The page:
Liverpool Right to Stand Firm on Price in Luis Suarez Transfer Saga

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Liverpool Right to Stand Firm on Price in Luis Suarez Transfer Saga
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In the middle of a summer where good strikers are being sold and signed for in excess of £20 million at the drop of a hat, and the few available great strikers go for an absolute fortune, Liverpool can feel fully justified in protecting their greatest asset, Luis Suarez, and demanding a huge fee if he is to leave the club.

Arsenal's recent bids of £35 million and then £40 million—and £1—have been summarily rejected out of hand by the Anfield club, prompting the sort of responses from senior figures which would not be out of place alongside a snort of derision.

Manager Brendan Rodgers was quoted by BBC Sport as saying the bids were nowhere near Suarez's value:

If Arsenal want the player they have to produce the value for the player. There was an offer a few weeks ago of £35m and two weeks later it is now £40m and £1. I don't think it is anywhere near the value of what he is worth. It is two-fold really. A player may want to go, but then somebody has to pay the value or worth of that player.

Principle owner of the club John Henry was a little more forthright in voicing his opinion on Twitter.

Both have a point, and the club have a position of strength.

Suarez signed a new long-term contract with the club only last summer, and he has three more years of that deal to run. Liverpool can sit tight and demand a large fee this year, knowing that if it doesn't arrive, they'll still be able to command top dollar next summer. Only in two years time will Suarez's price realistically start to drop.

Will the player himself be prepared to wait around that long? Presumably if Liverpool were in the Champions League and winning trophies, yes, but at present that's not the state of affairs at Anfield.

A transfer request has not yet been forthcoming from the Uruguayan, though the Liverpool Echo's Peter Guy believes it is on the way, with Suarez now allowed to talk to Arsenal after they met the £40 million threshold—but that is far from saying he can leave.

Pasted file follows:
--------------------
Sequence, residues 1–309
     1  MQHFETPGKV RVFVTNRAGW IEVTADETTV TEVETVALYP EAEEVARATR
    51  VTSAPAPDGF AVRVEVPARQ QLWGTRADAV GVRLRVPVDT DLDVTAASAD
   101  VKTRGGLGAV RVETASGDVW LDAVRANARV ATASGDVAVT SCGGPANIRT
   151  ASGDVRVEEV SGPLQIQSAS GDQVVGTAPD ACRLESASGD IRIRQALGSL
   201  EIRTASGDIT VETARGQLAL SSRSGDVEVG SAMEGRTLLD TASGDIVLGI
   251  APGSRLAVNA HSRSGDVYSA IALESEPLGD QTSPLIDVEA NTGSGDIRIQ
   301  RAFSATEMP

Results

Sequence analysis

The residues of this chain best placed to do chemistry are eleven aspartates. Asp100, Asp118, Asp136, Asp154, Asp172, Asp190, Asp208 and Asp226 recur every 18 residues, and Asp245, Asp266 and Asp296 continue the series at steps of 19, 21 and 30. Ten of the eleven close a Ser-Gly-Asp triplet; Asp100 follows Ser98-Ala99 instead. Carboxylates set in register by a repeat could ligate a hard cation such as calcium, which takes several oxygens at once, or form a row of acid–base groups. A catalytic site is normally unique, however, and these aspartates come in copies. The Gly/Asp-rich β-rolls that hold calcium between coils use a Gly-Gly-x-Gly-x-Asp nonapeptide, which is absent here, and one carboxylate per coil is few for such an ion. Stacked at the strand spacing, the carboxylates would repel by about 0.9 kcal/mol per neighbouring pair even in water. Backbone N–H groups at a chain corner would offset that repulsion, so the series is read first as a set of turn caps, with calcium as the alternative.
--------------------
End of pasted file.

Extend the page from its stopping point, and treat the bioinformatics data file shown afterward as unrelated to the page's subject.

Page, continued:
Regarding Arsenal in particular, the Gunners obviously need and want a new striker this summer, and everybody knows it. They will also have read the multiple reports suggesting they have a small fortune to spend this summer, and, in targeting top forwards, they're going to have to expect to pay top money.

Arsenal have already chased and lost out on Gonzalo Higuain, seemingly being unprepared to pay the £34.5 million asking price for the Argentine.

Now they're clearly after Suarez but are again only dipping their toes at well below market value.

Consider: Higuain for close to £35 million. Edinson Cavani for £55 million. Neymar for £50 million. Radamel Falcao for £52 million. Alvaro Negredo for £22 million.

Suarez can more than hold his own against any of these names, is indeed arguably better than every one of them and has a longer-term contract left than several of them had prior to moving.

So on what planet do Arsenal think making a £30 or £40 million bid for Suarez is worth it, or has even the slightest chance of success?

Are the Gunners serious about buying Suarez, or is it a show-and-tell for the support? We tried, hard, but Liverpool's price was too much.

At £50 million, Suarez would be very much in line with the summer signings so far in terms of quality and value on the pitch. There's certainly an argument for asking for even more money from a domestic rival than from a European competitor, but that's a matter for the senior staff of Liverpool to decide.

What is absolutely clear is that the club is perfectly correct to refuse to even negotiate at this point with any interested clubs.

Suarez is Liverpool's best player, and Suarez has not formally indicated he wants to leave. So why negotiate?

If he asks to leave, then there will be a price to be met, presumably a club record sale of over £50 million.

Perhaps even £50 million—and £1.

Until then, Suarez remains a Red, and he'll be expected to act accordingly, on and off the pitch.

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